I’m starting to wonder: every time a shovel digs down into English soil, does it hit treasure or skeletons? Three years ago, the University of Durham in northeast UK planned a new extension to the library but came up instead with a huge archaeological find: two mass graves appearing to date back to 1650.

They are believed to be the final resting place of Scottish soldiers who’d fought against Oliver Cromwell at the Battle of Dunbar. Afterward, many of the Scots fell ill and died, and more along the way as Cromwell marched the prisoners to the former monastery at Durham, which later became the University. The story of the 3000 able-bodied young men was well documented but the actual gravesites were unknown.

Durham Castle and Cathedral Photo available via Wikimedia Commons
Durham Castle and Cathedral
Photo available via Wikimedia Commons

The relatively small mass graves hold skeletons piled one on top of another. If the historical estimate is accurate, the number could reach sixteen hundred. Foreign bodies within the graves have already been discovered, likely a few Dutchmen who had fought alongside the Scots.

Imprisoning large groups was rare in medieval days. Lords captured were often ransomed, but usually the vanquished were either executed or enslaved. It was much more common for whole towns and villages to be enslaved to the conquering army. But in this case, Cromwell could not allow the Scots to continue to fight against him for their choice to the throne, King Charles II. Yet, Cromwell agonized over their suffering and demise, explaining in a letter to his peers that everything was being done for the soldiers. The officers fared better, as did the Highlanders, but they still succumbed up to 100 a day. Scientists now believe that the Scots were suffering not from dysentery but refeeding syndrome. They had gone without food for 3 days prior to the battle, and by the time they reached Durham, they had not eaten properly for 8 days.

One hundred and fifty Scottish soldiers who survived this ordeal were put on a ship bound for the English Colonies. Fulfilling Cromwell’s original intent, they were sent to work in the lumber industry and iron works in support of English ship-building. Eventually, the Scots earned their freedom and many chose to remain in New England.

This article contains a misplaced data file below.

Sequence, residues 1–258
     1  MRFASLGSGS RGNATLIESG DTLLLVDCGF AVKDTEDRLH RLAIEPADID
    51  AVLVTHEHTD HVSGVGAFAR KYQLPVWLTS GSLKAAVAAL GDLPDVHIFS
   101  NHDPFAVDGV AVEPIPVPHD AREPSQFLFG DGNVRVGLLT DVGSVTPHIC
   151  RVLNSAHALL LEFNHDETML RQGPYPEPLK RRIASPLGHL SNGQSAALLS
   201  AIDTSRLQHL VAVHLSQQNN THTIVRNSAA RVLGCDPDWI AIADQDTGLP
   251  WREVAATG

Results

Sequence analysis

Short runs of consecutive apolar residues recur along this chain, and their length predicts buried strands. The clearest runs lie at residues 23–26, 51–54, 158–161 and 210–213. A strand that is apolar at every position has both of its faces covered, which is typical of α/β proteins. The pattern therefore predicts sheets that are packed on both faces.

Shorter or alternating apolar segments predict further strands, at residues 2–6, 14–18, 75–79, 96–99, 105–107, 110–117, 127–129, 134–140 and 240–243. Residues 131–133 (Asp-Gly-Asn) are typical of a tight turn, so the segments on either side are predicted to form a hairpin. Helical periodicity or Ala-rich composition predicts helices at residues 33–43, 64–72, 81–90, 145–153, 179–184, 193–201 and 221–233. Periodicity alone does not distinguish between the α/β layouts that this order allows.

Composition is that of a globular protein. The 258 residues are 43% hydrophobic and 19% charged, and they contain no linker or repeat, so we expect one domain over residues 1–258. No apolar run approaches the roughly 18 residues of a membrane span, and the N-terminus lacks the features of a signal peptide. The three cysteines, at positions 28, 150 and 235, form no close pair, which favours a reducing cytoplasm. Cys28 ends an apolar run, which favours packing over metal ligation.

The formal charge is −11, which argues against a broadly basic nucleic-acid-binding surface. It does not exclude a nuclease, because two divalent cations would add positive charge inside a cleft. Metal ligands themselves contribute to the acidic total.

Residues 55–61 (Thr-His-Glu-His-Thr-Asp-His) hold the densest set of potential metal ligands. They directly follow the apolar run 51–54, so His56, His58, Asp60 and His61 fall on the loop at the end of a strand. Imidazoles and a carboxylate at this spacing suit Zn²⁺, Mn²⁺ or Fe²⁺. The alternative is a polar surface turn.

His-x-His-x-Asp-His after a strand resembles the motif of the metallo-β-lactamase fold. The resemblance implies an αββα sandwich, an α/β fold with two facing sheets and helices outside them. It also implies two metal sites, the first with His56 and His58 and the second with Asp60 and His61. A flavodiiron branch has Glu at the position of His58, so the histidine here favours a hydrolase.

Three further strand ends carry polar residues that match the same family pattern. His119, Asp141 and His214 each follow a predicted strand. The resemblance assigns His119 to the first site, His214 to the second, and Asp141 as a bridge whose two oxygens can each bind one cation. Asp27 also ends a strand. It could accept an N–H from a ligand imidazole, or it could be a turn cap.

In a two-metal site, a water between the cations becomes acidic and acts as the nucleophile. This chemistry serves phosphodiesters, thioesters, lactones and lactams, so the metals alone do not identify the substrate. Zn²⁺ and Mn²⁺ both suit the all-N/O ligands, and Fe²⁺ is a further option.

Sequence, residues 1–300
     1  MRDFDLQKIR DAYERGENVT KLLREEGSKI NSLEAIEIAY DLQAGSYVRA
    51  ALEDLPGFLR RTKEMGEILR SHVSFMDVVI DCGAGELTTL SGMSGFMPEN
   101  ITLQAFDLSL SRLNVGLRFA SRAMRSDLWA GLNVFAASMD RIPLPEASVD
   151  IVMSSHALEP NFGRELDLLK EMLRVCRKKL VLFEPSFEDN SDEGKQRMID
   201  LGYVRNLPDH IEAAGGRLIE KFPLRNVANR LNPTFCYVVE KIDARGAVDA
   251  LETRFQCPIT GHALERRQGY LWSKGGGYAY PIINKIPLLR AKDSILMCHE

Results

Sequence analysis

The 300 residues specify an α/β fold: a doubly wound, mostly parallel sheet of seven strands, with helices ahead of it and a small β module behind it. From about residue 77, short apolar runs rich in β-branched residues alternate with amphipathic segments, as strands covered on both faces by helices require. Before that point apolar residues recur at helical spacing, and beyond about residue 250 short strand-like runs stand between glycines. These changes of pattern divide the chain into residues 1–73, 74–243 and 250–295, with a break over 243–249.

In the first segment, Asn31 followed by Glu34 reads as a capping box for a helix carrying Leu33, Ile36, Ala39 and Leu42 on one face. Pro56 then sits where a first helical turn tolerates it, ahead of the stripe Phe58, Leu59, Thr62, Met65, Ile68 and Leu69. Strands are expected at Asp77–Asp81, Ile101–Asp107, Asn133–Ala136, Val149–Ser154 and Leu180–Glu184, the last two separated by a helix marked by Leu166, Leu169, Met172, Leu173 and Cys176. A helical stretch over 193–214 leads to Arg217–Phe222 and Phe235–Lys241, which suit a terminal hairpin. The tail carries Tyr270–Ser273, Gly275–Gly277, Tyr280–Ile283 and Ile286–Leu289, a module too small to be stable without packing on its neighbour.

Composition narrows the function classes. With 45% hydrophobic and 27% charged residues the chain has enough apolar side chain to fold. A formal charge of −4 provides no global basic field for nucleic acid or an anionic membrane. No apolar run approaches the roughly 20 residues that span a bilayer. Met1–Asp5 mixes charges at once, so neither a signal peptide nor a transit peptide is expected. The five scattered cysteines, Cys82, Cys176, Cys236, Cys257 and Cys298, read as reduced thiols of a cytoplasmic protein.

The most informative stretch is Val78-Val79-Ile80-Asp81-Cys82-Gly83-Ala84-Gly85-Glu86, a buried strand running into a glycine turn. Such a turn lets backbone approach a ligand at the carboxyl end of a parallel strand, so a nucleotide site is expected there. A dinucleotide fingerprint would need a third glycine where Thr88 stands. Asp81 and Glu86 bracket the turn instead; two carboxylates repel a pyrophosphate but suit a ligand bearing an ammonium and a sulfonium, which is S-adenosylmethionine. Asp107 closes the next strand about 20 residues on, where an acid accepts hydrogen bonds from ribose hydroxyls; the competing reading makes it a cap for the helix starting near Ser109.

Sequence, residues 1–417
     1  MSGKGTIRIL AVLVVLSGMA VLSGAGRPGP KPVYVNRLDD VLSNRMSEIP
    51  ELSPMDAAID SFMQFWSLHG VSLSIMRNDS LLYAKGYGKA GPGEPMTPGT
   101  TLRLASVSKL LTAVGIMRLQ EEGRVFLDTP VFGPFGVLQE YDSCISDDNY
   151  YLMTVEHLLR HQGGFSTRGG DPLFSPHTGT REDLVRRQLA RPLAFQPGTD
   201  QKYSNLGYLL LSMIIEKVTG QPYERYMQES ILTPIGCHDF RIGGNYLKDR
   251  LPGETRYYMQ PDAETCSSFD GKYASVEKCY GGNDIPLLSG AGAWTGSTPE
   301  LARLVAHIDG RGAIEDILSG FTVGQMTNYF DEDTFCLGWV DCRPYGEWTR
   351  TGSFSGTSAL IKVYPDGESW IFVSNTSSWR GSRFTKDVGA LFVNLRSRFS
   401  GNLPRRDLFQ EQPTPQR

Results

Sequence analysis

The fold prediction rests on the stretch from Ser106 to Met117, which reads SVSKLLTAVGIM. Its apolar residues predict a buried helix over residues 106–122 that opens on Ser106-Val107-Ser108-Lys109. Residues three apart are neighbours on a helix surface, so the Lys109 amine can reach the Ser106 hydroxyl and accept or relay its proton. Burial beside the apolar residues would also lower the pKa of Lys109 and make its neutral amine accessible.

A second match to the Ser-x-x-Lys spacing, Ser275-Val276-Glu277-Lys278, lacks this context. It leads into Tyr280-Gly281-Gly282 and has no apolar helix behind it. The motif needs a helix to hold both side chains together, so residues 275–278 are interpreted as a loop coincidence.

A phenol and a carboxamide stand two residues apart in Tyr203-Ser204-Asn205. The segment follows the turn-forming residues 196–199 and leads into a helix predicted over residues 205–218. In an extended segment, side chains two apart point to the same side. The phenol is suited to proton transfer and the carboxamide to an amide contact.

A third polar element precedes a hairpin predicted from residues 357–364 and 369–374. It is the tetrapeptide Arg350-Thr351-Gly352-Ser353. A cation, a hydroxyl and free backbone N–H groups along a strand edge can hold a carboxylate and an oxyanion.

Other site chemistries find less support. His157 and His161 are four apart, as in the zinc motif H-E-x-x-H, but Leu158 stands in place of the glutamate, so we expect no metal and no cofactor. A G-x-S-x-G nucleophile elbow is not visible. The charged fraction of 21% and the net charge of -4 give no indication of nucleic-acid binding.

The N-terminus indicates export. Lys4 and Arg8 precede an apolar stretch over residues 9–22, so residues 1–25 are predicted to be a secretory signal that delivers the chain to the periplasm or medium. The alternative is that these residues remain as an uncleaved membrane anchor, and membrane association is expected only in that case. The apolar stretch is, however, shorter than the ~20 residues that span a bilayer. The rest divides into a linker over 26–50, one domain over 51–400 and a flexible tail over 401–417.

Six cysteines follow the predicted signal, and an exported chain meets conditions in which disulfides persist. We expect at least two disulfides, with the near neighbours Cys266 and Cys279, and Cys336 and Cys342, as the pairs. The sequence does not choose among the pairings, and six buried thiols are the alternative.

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Sgian Dubh, a black or hidden dagger worn in the hose/sock with the Scottish National Dress
Sgian Dubh, a black or hidden dagger worn in the hose/sock with the Scottish National Dress

No good Scotsman would be caught without his sgian dubh  (/ˌskiːən ˈduː/skean-dhuScottish Gaelic pronunciation: [s̪kʲɪnˈt̪uh]) a small knife that was carried in the top of the boot or hose. In Gaelic, sgian means “knife or blade” and dubh means “black”.

History varies on this weapon. Some researchers believe the black refers to the wooden handle that was often made of bog wood, which is dark brown to black in color; others believe that it was carried as a concealed weapon, thus making the intent dark. This is interesting when it is well-known that baring a blade in someone’s house to which one was invited was seen as a threat.

The custom of revealing a concealed weapon and placing it in plain sight in the top of your boot was meant as a sign of peace to the household, that is, no secrets and no intent to harm.

In the Old West, this was like checking your guns at the door.

Modern day sgian dubhs can be very ornate with decorated hilts, pewter caps or stones, and engraved blades. But in medieval times, the people leaned toward the practical. Sgian dubhs were single-edged utility knives with three to four inch blades used for skinning animals, cutting bread, and the like, but could be used in defense as a last resort. You might think it makes sense that if it was carried in a boot or hose top, it would have a flat hilt so as to lay more securely against the leg, but since antler horn was also used, it is more likely it had a rounded grip.

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